Monday, March 22, 2010

When Agents Call... Or the Art of the Phone Call Rejection

I know the most discouraging word in the English language. If you’re a writer, you know it, too. What is it? Shh! Don’t say it out loud. I’ll type it for you. Ready? Here it is: Rejection.

Rejections are the necessary evil of our profession. Of course, you can learn a lot about your writing from one. But I believe you can learn something more – especially from the best kind of rejection.

“What?” you say. “Rejections are all alike. They all mean no!”

You are so right. But not entirely. Sure, a rejection means your manuscript isn’t going to find a home with that particular editor or agent. However, a rejection can benefit your craft. More than that, though, it can benefit your career – especially if that rejection is a Phone Call Rejection.

If you’ve ever written a manuscript, polished it, described it in a query letter, and sent that query to an editor or agent, chances are your first brush with rejection didn’t involve a phone call. You received a Form Rejection. You know the one. It’s the letter or e-mail that began “Dear Author” and ended with “All the best...”

The Form Rejection is a good rejection. After all, it gets the job done. But you can’t glean a lot of useful information from it. Is this agent rejecting because she thinks your writing is flawed? Or does she simply have a full client list? You’ll never know from the Form Rejection. But keep writing and keep querying. Snag some requests. Because with those requests come a better kind of rejection – the Personalized Rejection.

In the Personalized Rejection, the editor or agent has been extremely kind. Though she hasn’t been paid for her time, she’s outlined a few comments about your work and sent them to you. She’s noted your strengths. More importantly, she’s highlighted a couple problems. A Personalized Rejection can be extremely helpful.

But the Phone Call Rejection can be more helpful still.

Because a Phone Call Rejection can be about more than just your writing.

In the relatively short time I’ve been querying, I’ve had the good fortune to receive Phone Call Rejections. When an editor or agent calls me, the first thing I do is pick myself up from the floor. The second thing I do is take notes. I jot down every bit of her critique. But the most important thing I can do is listen, because before this phone call, I only knew this publishing professional on paper. Naturally, she looks great in black and white. Her project list and her sales record are dazzling. Otherwise, I wouldn’t have queried her. But the Phone Call Rejection can breathe life into that profile.

And that can breathe life into your career.

So as you chat with this editor or agent, ask yourself...

Does she see your work in the same vein you do?
Her suggestion to add drunken werewolf zombies to your sweet, inspirational romance may mean she firmly believes you have the talent and skill to write outside the box and excel in the marketplace. Having an editor or agent who encourages you to step outside your comfort zone, and backs you with her abilities, can be a real asset. However, she may be trying to force you into a mold that doesn’t fit you, but that produces a product she’s used to selling. Finding an editor or agent who shares your goals is the key to a successful long-term working relationship.

Is she tactful?
Certainly, you’ll want an agent or editor who will tell you the truth. But the agent who is gruff with you may be gruff with editors. Alienated editors probably won’t be eager to work with her – or her clients. Perhaps you’d be better off removing her from your query list, despite her excellent sales statistics. After all, you want other publishing professionals to welcome your work, not to kill the messenger carrying it. You’ll come out ahead by recognizing this early on.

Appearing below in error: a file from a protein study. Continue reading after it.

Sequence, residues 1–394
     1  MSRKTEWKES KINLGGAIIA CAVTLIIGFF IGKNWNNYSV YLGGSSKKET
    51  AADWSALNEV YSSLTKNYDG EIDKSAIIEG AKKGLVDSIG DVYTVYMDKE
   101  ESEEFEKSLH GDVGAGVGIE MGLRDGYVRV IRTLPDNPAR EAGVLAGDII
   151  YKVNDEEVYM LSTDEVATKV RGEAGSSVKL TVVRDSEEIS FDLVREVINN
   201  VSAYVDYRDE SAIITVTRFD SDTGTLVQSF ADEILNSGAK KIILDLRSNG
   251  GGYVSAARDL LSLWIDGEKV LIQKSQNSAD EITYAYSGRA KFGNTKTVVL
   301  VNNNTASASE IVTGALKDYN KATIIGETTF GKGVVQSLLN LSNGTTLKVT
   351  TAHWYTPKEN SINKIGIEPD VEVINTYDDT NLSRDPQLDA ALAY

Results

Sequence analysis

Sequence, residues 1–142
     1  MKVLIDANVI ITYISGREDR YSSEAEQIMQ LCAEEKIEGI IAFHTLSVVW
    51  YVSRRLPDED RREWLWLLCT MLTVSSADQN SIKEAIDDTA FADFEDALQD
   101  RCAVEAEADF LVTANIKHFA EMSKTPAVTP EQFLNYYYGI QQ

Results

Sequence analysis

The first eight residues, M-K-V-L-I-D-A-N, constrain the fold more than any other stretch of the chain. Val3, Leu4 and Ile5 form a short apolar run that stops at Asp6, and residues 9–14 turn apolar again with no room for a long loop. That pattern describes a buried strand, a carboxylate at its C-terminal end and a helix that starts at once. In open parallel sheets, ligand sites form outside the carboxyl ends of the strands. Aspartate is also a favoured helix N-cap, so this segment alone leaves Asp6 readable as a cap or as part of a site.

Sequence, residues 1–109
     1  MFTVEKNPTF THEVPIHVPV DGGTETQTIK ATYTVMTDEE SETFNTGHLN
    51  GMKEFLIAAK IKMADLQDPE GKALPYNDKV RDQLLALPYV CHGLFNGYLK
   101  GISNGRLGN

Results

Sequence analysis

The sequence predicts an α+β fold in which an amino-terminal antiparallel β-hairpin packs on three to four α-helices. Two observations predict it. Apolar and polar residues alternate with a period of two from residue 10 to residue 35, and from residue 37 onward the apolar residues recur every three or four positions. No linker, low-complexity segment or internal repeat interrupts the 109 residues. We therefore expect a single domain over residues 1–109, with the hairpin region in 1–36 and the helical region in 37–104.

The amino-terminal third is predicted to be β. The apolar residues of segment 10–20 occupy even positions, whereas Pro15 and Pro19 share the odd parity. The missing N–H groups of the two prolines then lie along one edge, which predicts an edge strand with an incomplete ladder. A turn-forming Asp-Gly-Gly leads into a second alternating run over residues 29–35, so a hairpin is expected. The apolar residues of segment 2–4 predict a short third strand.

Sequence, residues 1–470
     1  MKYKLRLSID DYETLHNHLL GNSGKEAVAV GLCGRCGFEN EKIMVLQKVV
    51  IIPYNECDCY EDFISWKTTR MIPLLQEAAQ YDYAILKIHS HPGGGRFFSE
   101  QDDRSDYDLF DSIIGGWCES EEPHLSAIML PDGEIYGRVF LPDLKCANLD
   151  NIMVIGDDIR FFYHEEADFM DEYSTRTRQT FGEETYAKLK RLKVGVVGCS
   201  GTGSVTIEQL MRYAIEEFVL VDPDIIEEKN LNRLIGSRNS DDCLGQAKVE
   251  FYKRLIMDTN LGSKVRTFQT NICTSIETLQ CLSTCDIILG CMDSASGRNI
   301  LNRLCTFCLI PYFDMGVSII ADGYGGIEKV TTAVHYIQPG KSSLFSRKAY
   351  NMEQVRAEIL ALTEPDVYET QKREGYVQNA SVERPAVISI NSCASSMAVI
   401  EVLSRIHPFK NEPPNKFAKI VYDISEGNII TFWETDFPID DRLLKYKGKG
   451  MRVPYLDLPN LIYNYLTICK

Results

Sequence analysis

Is she presenting you with an opportunity?
Though she’s rejecting this project, she may invite you to revise this piece and resubmit it to her. Or, she may indicate she likes your style, though she doesn’t hold out much hope for this story. If that’s the case, she may be open to your sending her something new in the future. Either way, you’re in a better position than you were before – and that can take some of the sting out of the rejection.

Last but not least, keep in mind she’s forming impressions of you, too. Did you argue with her when she said your villain needed stronger motivation? She probably won’t look forward to talking to you again. Or did you thank her for her suggestions? To her, it’ll matter for next time. Because, chances are, if she’s given you a Phone Call Rejection, there will be a next time. And the next time won’t just be about your craft, or even your latest manuscript. It probably won’t be about rejection either. It’ll be about your career.

In the meantime, let the Eight know... What qualities are you looking for in an agent or editor?


  1. As an unpubbed just starting this process, I want an agent who loves my work and shares my vision and who, when I queried them, I thought--oh lord THIS is a long-shot, but here goes . . .

  2. I would like an agent who believes in what I'm doing and will work with me to build my career, not just the current book.

  3. Yvonne, Lisa, I'm with you. Let's believe in the long shot who'll believe in us! Thanks for stopping by and joining in the conversation.

  4. I'd like an agent I can respect, who respects me, who has a sense of humor and gets mine. And who is canny and relentless in finding the right platform for my entry onto the published world stage, not just the first one. My longevity is her longevity, vraiment? Fingers crossed it happends sooner for all of us than later!